In early 2016, we ran an anonymous survey for all community pharmacy staff across the country to gather views on current patient safety incident reporting and learning processes in place.
Patient safety is a fundamental consideration for all frontline health professionals and their employers and the community pharmacy representative bodies are committed to keeping a focus on promoting patient safety throughout all our work. We want to help ensure that community pharmacy staff have access to information and support on how to improve safety, and have the opportunity to share their knowledge on how pharmacy teams can improve patient experience and outcomes.
We have also been working at a national level to influence changes in policy and regulation that will help to improve patient safety by encouraging more reporting of patient safety incidents and improving feedback and learning.
To inform both of these streams of work, we wanted to understand more about what patient safety culture and practice looks like across the community pharmacy sector at the moment, from the perspective of frontline teams, and also about any barriers to reporting.
Despite the busy winter period, over 600 community pharmacy staff participated in our survey, from all different sized pharmacy businesses.
Their responses indicated that most people found internal incident reporting processes clear, but time constraints and a fear of criminal prosecution were significant barriers in reporting when things have gone wrong.
We used the insight from this survey to shape our Report, Learn, Share, Act Review principles and in November 2016 we presented these principles to hundreds of other passionate health and social care professionals at the largest patient safety conference, Patient First. Check out our poster below.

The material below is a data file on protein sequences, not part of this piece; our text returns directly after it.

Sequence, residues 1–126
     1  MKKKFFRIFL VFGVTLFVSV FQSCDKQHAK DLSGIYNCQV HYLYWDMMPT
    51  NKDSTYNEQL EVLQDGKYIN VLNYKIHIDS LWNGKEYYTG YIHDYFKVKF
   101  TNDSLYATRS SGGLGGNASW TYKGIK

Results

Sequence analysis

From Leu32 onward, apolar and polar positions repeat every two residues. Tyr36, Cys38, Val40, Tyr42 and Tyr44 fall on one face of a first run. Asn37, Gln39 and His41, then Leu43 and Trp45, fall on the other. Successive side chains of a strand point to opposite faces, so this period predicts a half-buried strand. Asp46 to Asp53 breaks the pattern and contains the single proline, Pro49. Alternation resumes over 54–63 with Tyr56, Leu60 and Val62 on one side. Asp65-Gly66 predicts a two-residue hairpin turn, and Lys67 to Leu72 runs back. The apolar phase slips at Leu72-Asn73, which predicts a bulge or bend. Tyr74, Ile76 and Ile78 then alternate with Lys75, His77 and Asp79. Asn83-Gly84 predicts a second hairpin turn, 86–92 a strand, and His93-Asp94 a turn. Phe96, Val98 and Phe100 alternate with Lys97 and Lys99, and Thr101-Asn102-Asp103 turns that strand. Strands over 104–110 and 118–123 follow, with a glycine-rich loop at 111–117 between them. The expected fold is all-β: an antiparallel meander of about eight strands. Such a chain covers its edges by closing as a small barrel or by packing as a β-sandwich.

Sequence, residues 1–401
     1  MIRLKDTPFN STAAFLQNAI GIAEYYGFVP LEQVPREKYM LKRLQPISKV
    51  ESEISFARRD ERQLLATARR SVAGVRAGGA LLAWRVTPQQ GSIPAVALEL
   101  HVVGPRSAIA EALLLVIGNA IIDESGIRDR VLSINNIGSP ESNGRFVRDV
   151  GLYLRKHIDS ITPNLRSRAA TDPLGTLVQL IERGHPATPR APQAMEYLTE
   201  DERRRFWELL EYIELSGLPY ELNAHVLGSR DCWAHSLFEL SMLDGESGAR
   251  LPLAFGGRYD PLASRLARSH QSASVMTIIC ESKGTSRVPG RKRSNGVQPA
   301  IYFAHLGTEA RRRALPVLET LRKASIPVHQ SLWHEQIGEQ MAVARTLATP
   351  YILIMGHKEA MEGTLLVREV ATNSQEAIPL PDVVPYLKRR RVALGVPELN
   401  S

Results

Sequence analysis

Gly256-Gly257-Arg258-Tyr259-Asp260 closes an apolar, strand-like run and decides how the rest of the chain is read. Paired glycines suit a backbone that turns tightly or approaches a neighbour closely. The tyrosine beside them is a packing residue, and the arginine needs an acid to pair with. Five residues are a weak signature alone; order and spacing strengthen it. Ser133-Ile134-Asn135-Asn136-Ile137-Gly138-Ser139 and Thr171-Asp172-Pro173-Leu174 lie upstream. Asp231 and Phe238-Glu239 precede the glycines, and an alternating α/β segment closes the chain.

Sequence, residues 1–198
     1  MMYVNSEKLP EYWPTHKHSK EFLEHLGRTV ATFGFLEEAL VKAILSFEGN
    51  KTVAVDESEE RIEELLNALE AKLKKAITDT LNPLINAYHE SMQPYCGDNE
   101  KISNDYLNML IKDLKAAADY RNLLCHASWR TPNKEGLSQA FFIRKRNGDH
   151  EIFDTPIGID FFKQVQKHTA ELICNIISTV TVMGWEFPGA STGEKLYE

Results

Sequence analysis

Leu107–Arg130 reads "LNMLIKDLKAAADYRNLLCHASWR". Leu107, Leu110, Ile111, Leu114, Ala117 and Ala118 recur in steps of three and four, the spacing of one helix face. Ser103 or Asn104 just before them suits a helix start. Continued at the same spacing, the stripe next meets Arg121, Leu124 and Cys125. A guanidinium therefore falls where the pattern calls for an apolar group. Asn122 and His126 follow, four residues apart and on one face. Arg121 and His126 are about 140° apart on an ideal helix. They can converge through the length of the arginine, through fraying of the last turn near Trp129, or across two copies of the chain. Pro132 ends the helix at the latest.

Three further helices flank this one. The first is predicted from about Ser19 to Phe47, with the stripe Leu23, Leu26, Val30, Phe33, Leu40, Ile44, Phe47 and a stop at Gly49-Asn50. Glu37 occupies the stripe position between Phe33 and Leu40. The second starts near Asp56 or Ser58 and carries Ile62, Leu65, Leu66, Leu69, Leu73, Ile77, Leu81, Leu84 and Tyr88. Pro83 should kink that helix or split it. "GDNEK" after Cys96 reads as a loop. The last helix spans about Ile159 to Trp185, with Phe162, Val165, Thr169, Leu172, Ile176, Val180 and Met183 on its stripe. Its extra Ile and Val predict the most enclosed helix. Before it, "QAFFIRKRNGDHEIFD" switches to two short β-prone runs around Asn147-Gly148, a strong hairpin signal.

We will look into repeating the survey at a future date to measure our progress.
Safety culture assessment tool
The group have also worked closely with the primary care team from the Greater Manchester Patient Safety Translational Research Centre (GM PSTRC) to further develop their Manchester Patient Safety Framework (MaPSaF), which was produced to help healthcare teams reflect on their progress in developing a patient safety culture and managing risks to patient safety.
This tool is designed to help community pharmacy teams understand their stage of development with regards to the importance they place on patient safety. The MaPSaF is used regularly in other primary care settings, such as general practice, and Pharmacy Voice’s Patient Safety Group has worked with the GM PSTRC team to help make it a more user-friendly and accessible tool for community pharmacy teams and organisations.
The community pharmacy MaPSaF was developed by Darren Ashcroft, Charles Morecroft, Dianne Parker and Peter Noyce at the University of Manchester as part of a project that was funded by the Community Pharmacy Research Consortium. The original framework was developed by Dianne Parker, Tanya Claridge, Sue Kirk, Aneez Esmail and Martin Marshall supported by the National Primary Care Research and Development Centre, University of Manchester.